View Full Version : What's a grandmaster?

03-31-2001, 07:45 AM
This might sound silly, but exactly what is a grandmaster? Does it have to be synonymous with creator/inheritor of the system? Or can it just be a very senior instructor within an art who has decided to emphasise certain aspects of the art or utilises a particular training philosophy which is slightly different from what others are doing? How is the term used in a Chinese context?

03-31-2001, 09:50 AM
Generally it is a master who has taught someone else who has achieved master status.

IMHO too many people are willing to claim the title of master or grandmaster.

Guns don't kill people, I kill people

03-31-2001, 03:51 PM
its just a word.....

03-31-2001, 04:26 PM
ABandit: That makes sense, but that just shifts the question to "What is a master?"...I suppose it has connections with mastering a particular art and understanding the intricacies of it. But the problem is, how is it possible for someone else to judge when someone has mastered their art?

Edward: It sure is a word. But words generally refer to things (at least most of us would like to think so), and I'm wondering what the word "grandmaster" refers to...The word must have been coined to refer to a particular state, I would think, and I'm interested in this. I suppose what I'm asking is what the necessary conditions for being a grandmaster would be like, what is it about someone that would make the neutral observer with an understanding of the word "grandmaster" say "Yep, that guy's a grandmaster". Know what I mean?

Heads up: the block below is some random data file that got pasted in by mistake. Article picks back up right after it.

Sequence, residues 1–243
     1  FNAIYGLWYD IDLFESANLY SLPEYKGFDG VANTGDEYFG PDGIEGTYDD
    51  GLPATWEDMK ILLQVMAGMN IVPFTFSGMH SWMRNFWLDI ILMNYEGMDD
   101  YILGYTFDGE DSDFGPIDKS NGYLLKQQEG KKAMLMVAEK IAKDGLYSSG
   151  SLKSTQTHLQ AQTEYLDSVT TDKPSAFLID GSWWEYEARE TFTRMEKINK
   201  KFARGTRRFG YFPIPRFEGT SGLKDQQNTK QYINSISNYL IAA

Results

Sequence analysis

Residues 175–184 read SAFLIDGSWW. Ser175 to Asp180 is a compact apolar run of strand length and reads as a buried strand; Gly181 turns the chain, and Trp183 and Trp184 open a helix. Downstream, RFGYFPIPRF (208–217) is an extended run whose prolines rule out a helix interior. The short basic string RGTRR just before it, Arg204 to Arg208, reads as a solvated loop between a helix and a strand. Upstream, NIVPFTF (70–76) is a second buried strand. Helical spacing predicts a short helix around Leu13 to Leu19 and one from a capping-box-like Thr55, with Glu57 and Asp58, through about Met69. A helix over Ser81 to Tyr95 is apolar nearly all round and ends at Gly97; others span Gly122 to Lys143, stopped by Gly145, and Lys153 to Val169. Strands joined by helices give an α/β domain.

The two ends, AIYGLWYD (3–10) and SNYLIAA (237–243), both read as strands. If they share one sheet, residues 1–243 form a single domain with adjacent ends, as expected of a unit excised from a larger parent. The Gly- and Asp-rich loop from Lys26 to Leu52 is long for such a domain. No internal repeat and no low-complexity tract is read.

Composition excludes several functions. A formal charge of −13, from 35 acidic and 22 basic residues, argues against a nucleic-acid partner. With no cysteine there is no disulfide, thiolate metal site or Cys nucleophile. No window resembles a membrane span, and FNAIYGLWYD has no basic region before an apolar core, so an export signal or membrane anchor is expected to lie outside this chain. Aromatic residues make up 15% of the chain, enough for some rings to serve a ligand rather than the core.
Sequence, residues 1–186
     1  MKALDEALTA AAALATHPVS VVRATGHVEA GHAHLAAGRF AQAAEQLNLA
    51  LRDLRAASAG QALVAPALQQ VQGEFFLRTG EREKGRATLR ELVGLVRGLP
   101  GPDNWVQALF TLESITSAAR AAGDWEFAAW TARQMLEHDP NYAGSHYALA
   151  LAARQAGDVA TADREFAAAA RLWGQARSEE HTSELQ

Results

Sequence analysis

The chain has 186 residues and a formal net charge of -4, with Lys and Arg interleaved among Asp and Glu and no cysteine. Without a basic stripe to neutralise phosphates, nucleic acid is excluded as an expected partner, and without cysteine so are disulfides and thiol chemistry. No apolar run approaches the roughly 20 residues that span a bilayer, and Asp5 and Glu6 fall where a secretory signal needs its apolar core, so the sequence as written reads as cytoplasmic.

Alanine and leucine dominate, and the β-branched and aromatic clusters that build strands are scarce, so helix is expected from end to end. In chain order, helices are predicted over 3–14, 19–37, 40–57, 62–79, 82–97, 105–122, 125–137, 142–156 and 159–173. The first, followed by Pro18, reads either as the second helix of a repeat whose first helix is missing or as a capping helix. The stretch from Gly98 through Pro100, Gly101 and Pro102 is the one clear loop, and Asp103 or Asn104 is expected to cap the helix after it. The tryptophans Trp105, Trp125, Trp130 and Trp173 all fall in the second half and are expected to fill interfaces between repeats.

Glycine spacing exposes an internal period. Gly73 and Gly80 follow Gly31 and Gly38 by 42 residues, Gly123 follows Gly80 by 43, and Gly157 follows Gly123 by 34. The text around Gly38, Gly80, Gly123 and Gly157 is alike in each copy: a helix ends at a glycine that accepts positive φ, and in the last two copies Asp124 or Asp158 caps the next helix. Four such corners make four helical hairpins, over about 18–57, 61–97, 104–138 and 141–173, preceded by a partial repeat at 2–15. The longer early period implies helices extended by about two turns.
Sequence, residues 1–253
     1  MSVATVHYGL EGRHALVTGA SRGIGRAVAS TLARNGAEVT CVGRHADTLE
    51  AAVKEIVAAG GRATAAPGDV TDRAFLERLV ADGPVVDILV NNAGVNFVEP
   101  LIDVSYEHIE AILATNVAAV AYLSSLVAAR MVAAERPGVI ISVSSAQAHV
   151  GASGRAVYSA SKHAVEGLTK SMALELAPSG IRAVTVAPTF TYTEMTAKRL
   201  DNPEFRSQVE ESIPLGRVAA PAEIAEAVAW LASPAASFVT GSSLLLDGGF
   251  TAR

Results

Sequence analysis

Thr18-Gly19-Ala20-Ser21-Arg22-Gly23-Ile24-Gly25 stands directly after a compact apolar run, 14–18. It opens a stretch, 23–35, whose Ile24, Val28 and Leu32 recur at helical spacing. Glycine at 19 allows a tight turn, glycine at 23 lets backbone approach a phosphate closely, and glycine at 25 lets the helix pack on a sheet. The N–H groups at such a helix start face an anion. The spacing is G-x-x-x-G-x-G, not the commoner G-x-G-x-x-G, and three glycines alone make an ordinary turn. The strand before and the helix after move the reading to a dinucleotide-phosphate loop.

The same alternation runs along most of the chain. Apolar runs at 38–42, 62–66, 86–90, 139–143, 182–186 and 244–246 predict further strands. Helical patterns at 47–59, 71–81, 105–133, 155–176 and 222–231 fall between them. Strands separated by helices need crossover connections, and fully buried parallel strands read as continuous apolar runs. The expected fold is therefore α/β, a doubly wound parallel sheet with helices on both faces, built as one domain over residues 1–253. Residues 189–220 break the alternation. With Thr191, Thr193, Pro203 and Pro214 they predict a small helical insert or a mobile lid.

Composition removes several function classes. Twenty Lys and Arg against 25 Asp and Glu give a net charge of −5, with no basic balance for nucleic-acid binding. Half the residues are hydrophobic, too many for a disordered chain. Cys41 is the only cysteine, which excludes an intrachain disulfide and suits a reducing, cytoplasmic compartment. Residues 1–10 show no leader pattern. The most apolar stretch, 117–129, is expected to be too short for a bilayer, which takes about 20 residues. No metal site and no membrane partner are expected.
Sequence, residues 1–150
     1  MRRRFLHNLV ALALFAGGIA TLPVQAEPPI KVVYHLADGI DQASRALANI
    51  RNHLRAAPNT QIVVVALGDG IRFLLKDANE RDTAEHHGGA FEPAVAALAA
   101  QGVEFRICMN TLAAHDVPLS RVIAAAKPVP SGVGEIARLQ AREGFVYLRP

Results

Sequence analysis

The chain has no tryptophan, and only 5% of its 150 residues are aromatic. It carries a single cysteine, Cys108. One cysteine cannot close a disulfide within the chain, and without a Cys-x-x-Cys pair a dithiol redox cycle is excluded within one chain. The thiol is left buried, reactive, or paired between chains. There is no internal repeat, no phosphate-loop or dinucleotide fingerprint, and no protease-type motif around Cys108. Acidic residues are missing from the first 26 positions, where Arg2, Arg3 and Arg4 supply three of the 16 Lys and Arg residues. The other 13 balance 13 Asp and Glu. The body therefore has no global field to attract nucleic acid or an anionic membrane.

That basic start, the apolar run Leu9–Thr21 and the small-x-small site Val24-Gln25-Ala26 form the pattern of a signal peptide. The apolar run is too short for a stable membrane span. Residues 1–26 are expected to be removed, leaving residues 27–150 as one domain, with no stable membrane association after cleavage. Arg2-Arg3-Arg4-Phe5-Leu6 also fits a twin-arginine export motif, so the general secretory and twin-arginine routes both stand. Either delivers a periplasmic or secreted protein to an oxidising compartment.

Big Vern
03-31-2001, 10:19 PM
alright guys. a grandmaster is basically the equivalent of a managing director, he started the company and has many directors below him, who managed correctly can make him lots of $$$$$$$.
there is some great and inspiring co's out there and some dodgy ones.

04-01-2001, 01:57 AM
A Grandmaster - or Sigong / Sigung - I was always told was basically just the Sifu of a Sifu.

04-01-2001, 01:58 AM

As the word suggests, a master is someone who has mastered the art. I guess that means that they have reached a level of proficiency and understanding of the art for them to be considered to have mastered it.

To me, this is different to simply qualifying as an instructor. True, an instructor has reached a certain level of skill in the art to be able to teach others, but a master is someone who fully understands the philosophy and techniques of the style.